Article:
by Abby Wasserman
Saturday, January 26, 2019
The Marin Symphony’s second Masterworks concert of the 2018-19 season featured works by John Adams, Sibelius and Brahms, a masterful assembly. In a spoken introduction before the program’s first half, conductor Alasdair Neale primed the audience for the “terra incognita” of Adams’ The Chairman Dance...
Symphony
A SLICE OF HEAVEN FROM THE SANTA ROSA SYMPHONY
by Steve Osborn
Sunday, January 13, 2019
Under its vibrant new music director, Francesco Lecce-Chong, the Santa Rosa Symphony this past Sunday offered a nearly perfect afternoon of Mozart (Symphony No. 40) and Mahler (Symphony No. 4). While the two works share a common digit, the only element uniting them is genius. They made for a dazzlin...
Recital
KHOZYAINOV'S BRILLIANT PIANISM IN MILL VALLEY RECITAL
by Abby Wasserman
Sunday, January 13, 2019
In its third concert of the season the Mill Valley Chamber Music Society Jan. 13 presented Russian virtuoso Nikolay Khozyainov. His intelligent and sensitive interpretations, masterful pedal work, and virtuoso technique left the near-capacity audience in Mt. Tamalpais Methodist Church astounded and ...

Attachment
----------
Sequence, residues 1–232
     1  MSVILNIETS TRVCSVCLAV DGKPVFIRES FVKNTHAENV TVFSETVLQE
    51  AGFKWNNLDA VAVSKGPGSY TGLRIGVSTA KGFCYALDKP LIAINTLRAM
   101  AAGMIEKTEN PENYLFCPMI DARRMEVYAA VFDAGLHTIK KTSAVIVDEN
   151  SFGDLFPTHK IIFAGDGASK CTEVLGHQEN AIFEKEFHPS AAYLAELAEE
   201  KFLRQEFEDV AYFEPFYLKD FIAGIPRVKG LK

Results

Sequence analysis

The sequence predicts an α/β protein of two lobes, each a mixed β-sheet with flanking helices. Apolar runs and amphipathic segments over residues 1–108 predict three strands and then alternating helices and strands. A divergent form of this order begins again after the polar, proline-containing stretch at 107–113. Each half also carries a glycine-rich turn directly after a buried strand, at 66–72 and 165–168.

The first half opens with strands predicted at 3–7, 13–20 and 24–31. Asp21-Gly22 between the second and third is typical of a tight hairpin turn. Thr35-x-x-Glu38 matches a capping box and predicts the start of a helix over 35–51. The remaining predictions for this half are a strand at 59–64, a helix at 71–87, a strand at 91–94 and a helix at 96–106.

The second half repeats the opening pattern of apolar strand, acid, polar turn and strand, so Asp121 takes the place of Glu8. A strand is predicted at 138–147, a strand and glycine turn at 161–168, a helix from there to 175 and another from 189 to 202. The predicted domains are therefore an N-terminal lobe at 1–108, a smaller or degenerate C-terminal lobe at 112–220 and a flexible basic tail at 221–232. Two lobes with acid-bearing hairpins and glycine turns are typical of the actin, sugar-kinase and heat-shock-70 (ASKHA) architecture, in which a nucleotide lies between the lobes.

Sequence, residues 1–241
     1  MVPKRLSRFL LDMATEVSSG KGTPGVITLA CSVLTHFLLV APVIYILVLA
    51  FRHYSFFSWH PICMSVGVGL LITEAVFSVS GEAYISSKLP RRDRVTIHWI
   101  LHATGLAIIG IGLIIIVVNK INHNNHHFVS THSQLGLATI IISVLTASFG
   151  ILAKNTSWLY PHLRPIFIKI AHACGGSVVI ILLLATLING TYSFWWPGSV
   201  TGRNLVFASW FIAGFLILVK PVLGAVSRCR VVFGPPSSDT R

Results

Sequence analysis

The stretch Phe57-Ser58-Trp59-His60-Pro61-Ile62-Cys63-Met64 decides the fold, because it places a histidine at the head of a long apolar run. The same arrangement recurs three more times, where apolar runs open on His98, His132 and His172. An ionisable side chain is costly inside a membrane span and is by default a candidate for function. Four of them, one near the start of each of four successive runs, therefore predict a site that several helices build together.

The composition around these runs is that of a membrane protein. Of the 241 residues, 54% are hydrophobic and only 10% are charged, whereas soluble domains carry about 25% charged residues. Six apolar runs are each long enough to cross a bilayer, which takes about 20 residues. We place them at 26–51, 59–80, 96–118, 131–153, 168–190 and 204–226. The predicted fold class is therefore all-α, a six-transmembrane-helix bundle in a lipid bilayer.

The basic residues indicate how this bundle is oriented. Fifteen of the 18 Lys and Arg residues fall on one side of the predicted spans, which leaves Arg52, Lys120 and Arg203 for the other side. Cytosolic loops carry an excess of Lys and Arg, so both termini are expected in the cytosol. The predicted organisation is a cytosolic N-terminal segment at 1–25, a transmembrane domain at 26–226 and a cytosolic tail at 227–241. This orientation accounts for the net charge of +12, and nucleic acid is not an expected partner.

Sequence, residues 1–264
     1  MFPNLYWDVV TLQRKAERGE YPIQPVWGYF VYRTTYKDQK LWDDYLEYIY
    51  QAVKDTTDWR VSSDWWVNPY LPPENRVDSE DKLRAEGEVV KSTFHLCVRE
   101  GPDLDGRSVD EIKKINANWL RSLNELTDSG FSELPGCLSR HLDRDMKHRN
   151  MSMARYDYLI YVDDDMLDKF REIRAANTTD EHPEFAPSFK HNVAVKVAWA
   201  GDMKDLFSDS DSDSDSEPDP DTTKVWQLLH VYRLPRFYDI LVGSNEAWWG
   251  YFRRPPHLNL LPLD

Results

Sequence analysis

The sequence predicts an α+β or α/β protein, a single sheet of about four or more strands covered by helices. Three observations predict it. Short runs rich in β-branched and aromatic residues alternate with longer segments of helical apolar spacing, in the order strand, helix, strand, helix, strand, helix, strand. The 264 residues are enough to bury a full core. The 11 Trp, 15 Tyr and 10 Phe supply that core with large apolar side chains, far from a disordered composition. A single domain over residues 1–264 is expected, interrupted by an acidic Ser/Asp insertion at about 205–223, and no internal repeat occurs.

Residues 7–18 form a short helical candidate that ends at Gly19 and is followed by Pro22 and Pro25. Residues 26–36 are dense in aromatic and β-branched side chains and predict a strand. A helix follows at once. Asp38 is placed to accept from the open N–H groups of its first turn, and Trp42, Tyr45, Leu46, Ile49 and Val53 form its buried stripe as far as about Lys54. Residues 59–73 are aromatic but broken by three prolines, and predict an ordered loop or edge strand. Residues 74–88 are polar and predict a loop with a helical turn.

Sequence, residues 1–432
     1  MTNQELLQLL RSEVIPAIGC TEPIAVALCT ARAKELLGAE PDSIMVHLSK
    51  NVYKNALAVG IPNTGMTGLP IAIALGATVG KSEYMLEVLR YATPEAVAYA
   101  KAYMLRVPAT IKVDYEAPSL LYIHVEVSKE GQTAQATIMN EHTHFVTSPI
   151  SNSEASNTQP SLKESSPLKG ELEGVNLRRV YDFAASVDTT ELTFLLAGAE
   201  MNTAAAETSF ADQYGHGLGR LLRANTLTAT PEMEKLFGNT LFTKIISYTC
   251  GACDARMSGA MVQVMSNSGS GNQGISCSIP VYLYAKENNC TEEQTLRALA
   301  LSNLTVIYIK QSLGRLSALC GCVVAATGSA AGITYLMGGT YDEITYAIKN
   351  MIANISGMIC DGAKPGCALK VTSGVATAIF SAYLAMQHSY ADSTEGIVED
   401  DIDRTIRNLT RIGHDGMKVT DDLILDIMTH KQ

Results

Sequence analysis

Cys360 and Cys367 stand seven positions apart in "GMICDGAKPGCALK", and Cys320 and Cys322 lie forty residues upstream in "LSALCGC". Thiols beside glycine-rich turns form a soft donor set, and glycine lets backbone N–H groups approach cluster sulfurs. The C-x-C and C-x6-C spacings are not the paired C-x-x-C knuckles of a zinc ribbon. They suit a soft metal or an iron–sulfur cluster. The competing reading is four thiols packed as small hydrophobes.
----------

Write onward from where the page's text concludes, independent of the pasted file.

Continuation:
Chamber
A COMPLETE MUSICAL PACKAGE IN ARRON'S OAKMONT RECITAL
by Terry McNeill
Thursday, January 10, 2019
Cellist Edward Arron has been a welcome artist at the Music at Oakmont series, and after his Jan. 10 recital it’s easy to understand his popularity. His artistry is a complete package, with potent instrumental technique wedded to integral musical conceptions. In a nearly flawless concert with pian...
Choral and Vocal
COMPELLING WEILL HALL MESSIAH ORATORIO FROM THE ABS
by Terry McNeill
Saturday, December 15, 2018
Each holiday season when a Classical Sonoma reviewer is assigned to cover a concert with Handel’s seminal Oratorio The Messiah, the question arises about what new commentary can possibly apply to the often performed choral work. Well, if it’s the American Bach Soloists performing the piece, written...
SYMPHONY REVIEW
American Philharmonic Sonoma County / Sunday, April 01, 2012
John Kendall Bailey, conductor. Solenn Seguillon, violin

Violinist Solenn Segullion